Journal Doesn’t Get TTIP Memo

May 27th, 2014 · No Comments · economy, energy policy, journalism

By Denise Tessier

Apparently, the Albuquerque Journal editorial board hadn’t seen the memo. Or maybe it did and didn’t care.

How else to explain its editorial advocating – pretty much without reservation – adoption of the Transatlantic Trade and Investment Partnership? The May 20 editorial, “TTIP would strengthen U.S. and EU economies,” talked about the TTIP as the best way to “promote economic growth, add jobs, expand markets, promote common interests and avert traditional wars without costing taxpayers a penny or adding to budget deficits.”

There was no mention of the secret October 2013 TTIP negotiation memo, published by Huffington Post the day before the editorial, which revealed that among the terms being discussed the U.S. would be under EU pressure to expand fracking, offshore oil drilling and natural gas exploration.

Instead, the Journal editorial parroted statements made by EU ambassador to the U.S. João Vale del Almeida, who touted economic benefits without alluding to the potential power TTIP appears to provide carbon extractive industries over the very nations the editorial says will be united as “equals” under TTIP, capitalizing on their already “similar democratic systems, economies and approaches to industrial and workplace standards.”

Basically, the editorial said, “. . .the United States should be first in line to embrace” TTIP, adding:

Senators, are you listening?

Picking up on the Huffington Post story about the memo, Common Dreams noted (also the day before the editorial) that:

Many European leaders have made no secret that they would like increased access to U.S. natural gas reserves. At a US/EU meeting in Brussels in March ministers pressed Obama to provide better access to U.S. fossil fuel reserves as a way to counter dependence on Russian pipelines from the east. As the Guardian reported at the time:

While European access to the US shale gas revolution is currently constrained by American licensing procedures, a successful conclusion of ongoing ambitious trade talks aimed at creating a transatlantic free trade area would also hasten European access to American gas.

EU officials said they wanted the talks finished by next year while Obama pledged that he would ensure a successful pact would not entail any dilution of consumer or environmental standards under pressure from multinational corporations.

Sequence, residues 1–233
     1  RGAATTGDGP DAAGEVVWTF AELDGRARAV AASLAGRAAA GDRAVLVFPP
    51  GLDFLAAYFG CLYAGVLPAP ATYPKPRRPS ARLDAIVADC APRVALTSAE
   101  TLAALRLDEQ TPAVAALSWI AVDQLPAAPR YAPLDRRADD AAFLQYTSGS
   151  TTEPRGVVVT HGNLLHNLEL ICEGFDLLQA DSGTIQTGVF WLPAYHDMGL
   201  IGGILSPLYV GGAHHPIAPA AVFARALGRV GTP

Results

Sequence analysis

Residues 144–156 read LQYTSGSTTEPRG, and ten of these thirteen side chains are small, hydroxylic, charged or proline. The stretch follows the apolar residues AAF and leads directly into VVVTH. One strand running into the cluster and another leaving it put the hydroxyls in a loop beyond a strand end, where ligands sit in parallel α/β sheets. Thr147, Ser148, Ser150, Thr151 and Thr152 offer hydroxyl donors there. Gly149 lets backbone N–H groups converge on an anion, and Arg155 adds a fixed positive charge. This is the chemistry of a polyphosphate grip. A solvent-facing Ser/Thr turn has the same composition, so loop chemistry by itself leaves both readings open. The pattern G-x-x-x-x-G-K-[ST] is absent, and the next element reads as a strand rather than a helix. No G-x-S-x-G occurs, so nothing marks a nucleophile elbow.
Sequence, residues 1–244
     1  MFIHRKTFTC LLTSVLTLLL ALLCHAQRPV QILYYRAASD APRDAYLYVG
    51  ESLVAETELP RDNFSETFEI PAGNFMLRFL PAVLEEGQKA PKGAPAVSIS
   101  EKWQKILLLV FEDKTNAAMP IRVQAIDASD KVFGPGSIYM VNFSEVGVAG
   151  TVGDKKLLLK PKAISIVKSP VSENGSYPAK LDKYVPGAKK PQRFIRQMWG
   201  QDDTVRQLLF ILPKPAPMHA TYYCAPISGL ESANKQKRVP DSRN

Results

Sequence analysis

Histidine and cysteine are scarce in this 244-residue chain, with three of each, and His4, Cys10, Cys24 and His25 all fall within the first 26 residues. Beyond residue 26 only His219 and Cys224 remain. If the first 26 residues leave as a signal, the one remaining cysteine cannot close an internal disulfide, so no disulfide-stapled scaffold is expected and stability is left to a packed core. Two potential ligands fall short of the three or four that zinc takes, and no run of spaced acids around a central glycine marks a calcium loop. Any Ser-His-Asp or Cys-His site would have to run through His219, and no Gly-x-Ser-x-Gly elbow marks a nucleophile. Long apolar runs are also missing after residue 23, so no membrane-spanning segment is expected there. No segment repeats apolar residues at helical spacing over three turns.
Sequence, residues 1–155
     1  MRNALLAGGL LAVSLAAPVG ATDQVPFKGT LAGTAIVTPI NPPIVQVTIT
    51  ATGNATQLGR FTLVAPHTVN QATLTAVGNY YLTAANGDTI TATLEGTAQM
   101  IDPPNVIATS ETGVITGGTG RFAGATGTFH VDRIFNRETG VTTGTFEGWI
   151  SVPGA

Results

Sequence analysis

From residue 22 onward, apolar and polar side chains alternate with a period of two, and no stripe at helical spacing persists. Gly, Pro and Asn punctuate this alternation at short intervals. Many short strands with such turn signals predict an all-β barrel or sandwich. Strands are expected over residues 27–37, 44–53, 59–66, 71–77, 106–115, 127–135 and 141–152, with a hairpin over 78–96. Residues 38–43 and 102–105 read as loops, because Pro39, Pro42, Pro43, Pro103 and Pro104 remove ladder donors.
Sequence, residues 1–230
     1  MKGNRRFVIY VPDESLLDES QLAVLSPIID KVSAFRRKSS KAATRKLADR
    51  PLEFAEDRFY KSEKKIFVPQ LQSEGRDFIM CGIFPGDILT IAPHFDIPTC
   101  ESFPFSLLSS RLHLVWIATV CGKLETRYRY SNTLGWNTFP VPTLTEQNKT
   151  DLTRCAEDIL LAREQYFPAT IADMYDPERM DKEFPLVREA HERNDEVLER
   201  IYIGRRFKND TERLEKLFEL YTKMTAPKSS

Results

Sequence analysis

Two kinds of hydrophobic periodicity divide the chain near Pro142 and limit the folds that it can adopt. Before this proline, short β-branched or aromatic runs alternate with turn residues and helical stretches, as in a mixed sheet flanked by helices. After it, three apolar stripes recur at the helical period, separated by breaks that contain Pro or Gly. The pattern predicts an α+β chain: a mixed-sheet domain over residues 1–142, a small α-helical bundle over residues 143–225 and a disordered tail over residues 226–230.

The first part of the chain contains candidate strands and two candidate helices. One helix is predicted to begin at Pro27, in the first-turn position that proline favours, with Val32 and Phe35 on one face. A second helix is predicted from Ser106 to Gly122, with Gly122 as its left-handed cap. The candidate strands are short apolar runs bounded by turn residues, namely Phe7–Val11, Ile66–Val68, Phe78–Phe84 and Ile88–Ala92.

In revealing the memo, however, Huffington Post reported that:

Free trade agreements frequently bind all of their participants to a specific regulatory regime, hindering the deployment of future regulations in response to new problems. Trade pacts are enforced by international courts, which can issue economic sanctions against countries that violate the deals. The proposed EU language would run counter to existing environmental standards that limit the development of the fossil fuel industry.

“It expands a trend in trade negotiations of removing policy decisions from national and local governments and enshrining those policy decisions in international trade laws,” said Sarah Burt, an attorney with the environmentalist legal organization Earthjustice, who has seen the document. Those negotiations, said Burt, happen outside of the public eye and are an “opaque process where trade and economics are elevated above any other values.”

In other words, the trade agreement could interfere with U.S. attempts to regulate carbon-based industries (and other industries, including food production giants) if it is deemed to interfere with the trade promoted under the TTIP.

Those against the elevation of such international agreements over local rule point to the fact that oil companies are already threatening or have filed lawsuits against local governments that ban fracking.

In Canada, a Lone Pine Resources Inc. is threatening the city of Quebec with a $250,000 lawsuit if it does not lift its moratorium on fracking for natural gas under the St. Lawrence River.